Parenting-by-gender interactions in child psychopathology: attempting to address inconsistencies with a Canadian national database

Child Adolesc Psychiatry Ment Health. 2010 Jan 27;4:5. doi: 10.1186/1753-2000-4-5.


Background: Research has shown strong links between parenting and child psychopathology. The moderating role of child gender is of particular interest, due to gender differences in socialization history and in the prevalence of psychiatric disorders. Currently there is little agreement on how gender moderates the relationship between parenting and child psychopathology. This study attempts to address this lack of consensus by drawing upon two theories (self-salience vs. gender stereotyped misbehaviour) to determine how child gender moderates the role of parenting, if at all.

Methods: Using generalized estimating equations (GEE) associations between three parenting dimensions (hostile-ineffective parenting, parental consistency, and positive interaction) were examined in relationship to child externalizing (physical aggression, indirect aggression, and hyperactivity-inattention) and internalizing (emotional disorder-anxiety) dimensions of psychopathology. A sample 4 and 5 year olds from the National Longitudinal Survey of Children and Youth (NLSCY) were selected for analysis and followed over 6 years (N = 1214). Two models with main effects (Model 1) and main effects plus interactions (Model 2) were tested.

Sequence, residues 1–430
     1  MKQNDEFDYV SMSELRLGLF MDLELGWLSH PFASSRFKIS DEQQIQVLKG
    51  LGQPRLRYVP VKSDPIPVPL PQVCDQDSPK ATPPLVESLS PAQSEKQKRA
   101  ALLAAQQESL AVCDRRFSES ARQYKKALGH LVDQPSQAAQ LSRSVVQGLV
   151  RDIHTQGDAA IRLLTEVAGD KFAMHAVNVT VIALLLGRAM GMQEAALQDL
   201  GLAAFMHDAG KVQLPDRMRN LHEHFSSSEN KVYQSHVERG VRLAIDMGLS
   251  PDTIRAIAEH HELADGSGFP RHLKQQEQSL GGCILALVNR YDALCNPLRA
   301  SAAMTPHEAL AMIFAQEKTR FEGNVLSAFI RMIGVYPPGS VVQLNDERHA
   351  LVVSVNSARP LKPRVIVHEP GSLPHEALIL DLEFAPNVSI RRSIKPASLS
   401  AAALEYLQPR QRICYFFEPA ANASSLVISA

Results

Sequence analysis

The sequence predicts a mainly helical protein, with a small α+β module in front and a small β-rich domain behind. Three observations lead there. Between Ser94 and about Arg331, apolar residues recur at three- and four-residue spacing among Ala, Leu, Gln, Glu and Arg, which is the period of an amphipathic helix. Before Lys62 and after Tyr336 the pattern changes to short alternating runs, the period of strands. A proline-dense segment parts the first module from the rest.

Results: No child gender-by-parenting interactions were observed for child physical aggression and indirect aggression. The association between hostile-ineffective parenting and child hyperactivity was stronger for girls, though this effect did not reach conventional levels of statistical significance (p = .059). The associations between parenting and child emotional disorder did vary as a function of gender, where influences of parental consistency and positive interaction were stronger for boys.

Discussion: Despite the presence of a few significant interaction effects, hypotheses were not supported for either theory (i.e. self-salience or gender stereotyped misbehaviour). We believe that the inconsistencies in the literature regarding child gender-by-parenting interactions is due to the reliance on gender as an indicator of a different variable which is intended to explain the interactions. This may be problematic because there is likely within-gender and between-sample variability in such constructs. Future research should consider measuring and modelling variables that are assumed to explain such interactions when conducting gender-by-parenting research.